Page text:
At Indow we prioritize safety, both in our factory and your home. As a result, the topic comes up quite often when we discuss home improvement, especially as it pertains to your windows. The most important window-related safety issues are a window’s ability to open and close and provide a tight seal. Fully functional windows are of the utmost importance for the safety of you and your family. If you live in an older home that has seen multiple renovations, including paint jobs, there’s a good chance that you are dealing with windows that have been painted shut. We’re here to help you open your stuck windows to keep your family safe and windows healthy.
Beyond safety concerns, freeing them from their colorful confinement improves their look and increases their value. After all, windows are meant to be opened. One last consideration, especially if you own a property and are renting it, there are legal and liability issues to consider. Is it illegal to have windows painted shut? If every window in your home is painted shut, you are in violation of building code. If only a few windows are painted shut, you might be okay. Bob Vila does a fine job of detailing egress window requirements. When dealing with paint removal, it is important to understand the type of paint you are dealing with. Lead poisoning caused by ingestion of dust or chips from lead paint is a real and serious threat to DIYers with limited experience working with lead paint. Before opening your painted shut windows, please take some time to watch our YouTube video on How to Remove Lead Paint Safely.
Steps to Opening a Painted Shut Window
Opening your painted shut windows is a quick and easy task. Let’s get into how it’s done. To get started, you’ll need a few items:
- Box cutter
- Putty knife
- Sand paper
Try to break the paint seal by simply pressing the putty knife into each crevice. If that doesn’t work, try applying a bit more pressure to the putty knife by gently tapping its handle with a hammer. You will be close to your glass windows, so be sure to slowly tap the handle with the hammer, pulling the hammer back from the handle no more than 1’’ for each swing. This will lower the chances of you missing the handle and making contact with the glass.
Since we do encourage exercising caution in everything we do, if you can avoid using a box cutter or another extremely sharp object, please do. However, if at this point you still have not broken the seal, carefully use a box cutter to create a small incision along the crevice. This will allow you to wedge the putty knife and drive it in to break the seal as deeply as it goes. We recommend purchasing cut resistant gloves if you plan to use a box cutter. You can find them at most home hardware stores. Perform this step in each crevice where there is a paint seal. This will usually be between the jamb and the side stops and the window sill and bottom sash in the interior.
Once you’ve completed the steps to open your painted shut windows from the inside, gently try to open them. You may need to gradually increase the force, but be mindful of this since you don’t want to damage any wood or glass. If the windows won’t budge, you will likely need to perform these same steps on the exterior of the window. It is important that you make sure your ladder is stable with no movement since you will be using sharp objects. Be careful not to lean or reach far while on the ladder. Instead get down and move the ladder when needed so that your balance is never compromised as you use any sharp tools.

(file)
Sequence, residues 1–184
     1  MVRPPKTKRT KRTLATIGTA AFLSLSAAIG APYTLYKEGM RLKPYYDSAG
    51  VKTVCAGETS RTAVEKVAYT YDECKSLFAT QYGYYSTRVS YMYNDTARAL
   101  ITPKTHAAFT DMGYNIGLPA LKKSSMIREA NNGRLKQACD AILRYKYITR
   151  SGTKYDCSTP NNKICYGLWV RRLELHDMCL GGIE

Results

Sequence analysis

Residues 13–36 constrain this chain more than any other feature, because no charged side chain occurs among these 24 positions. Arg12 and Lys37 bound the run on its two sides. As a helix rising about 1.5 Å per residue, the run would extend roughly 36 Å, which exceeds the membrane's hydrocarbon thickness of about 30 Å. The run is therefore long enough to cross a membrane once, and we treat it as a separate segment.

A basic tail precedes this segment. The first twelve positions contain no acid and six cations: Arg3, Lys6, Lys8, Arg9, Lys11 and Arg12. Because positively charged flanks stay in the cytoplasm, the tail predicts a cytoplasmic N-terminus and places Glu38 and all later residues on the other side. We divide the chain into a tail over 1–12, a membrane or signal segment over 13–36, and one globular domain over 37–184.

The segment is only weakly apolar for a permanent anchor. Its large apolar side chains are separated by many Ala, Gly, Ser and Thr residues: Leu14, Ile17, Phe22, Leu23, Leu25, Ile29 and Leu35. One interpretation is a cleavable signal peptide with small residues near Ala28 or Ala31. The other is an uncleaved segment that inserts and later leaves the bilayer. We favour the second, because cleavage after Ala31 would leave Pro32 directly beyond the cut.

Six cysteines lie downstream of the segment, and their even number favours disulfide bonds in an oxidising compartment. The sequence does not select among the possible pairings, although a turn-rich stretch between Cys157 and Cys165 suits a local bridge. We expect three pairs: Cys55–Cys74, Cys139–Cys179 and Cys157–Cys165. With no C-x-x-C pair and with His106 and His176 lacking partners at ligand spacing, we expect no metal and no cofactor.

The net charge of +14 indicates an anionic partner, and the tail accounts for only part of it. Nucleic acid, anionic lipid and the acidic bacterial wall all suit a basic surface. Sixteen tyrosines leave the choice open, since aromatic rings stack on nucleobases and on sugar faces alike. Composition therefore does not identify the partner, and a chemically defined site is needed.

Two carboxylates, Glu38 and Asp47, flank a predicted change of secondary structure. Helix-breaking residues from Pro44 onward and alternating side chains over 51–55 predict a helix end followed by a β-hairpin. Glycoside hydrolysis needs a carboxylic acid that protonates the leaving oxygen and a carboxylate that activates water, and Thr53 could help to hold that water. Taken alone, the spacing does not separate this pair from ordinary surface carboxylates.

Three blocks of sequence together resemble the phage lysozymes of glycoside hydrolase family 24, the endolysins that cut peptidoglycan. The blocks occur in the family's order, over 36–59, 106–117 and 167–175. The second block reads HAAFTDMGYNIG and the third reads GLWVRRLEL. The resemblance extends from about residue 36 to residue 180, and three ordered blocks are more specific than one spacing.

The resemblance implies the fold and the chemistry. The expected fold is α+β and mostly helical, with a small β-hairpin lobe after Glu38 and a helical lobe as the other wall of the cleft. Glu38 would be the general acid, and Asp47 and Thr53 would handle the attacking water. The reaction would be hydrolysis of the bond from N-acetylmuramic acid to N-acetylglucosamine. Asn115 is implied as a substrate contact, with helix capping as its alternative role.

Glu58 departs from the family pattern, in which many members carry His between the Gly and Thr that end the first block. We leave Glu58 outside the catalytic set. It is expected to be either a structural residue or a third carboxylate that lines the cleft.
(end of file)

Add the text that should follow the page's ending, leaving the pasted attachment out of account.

Your windows are open now. They thank you, and we thank you too. But now that they’re open, you may notice some chipping in the paint where you did not intend. Paint typically does not break cleanly. Larger chips will bring paint off the jamb and other parts of the window adjacent to the crevices where the paint seal formed. If you plan to repaint these areas, you will need to sand them first. Once sanded and ready for a new coat of paint, do so carefully, making sure not to get paint back in the crevice between the jamb and stop. A couple times throughout the drying process, very carefully run the putty knife up and down the crevices where you originally broke the paint seal. This will prevent the window from being painted shut again. Unless you’re an experienced painter, there’s a good chance some paint will get back in. Be sure to remove the putty knife and wipe it off cleanly after each pass.
Why were your windows painted shut in the first place? This can be the result of lack of caution during past paint jobs. When painting the frame or window sash, paint can easily find its way in the cracks, causing a seal that will make the windows inoperable. In other instances, homeowners will address drafty windows by sealing them with paint. While it is an effective solution, it does make windows inoperable, which is a safety concern. Once you free the windows from their paint seals, those draft issues will likely return. Indow has a solution. Indow inserts are placed in the window frame and provide a nearly airtight seal. In homes outfitted with Indow inserts, energy bills are reduced by an average of 20% as a result of the warm air being kept inside. This allows homeowners to run their heating systems less.
Have you opened your own painted-shut windows before and used a different approach? Or maybe you had special windows that required a few extra steps? We would love to hear your success story! Comment below and tell us about your experience opening painted shut windows.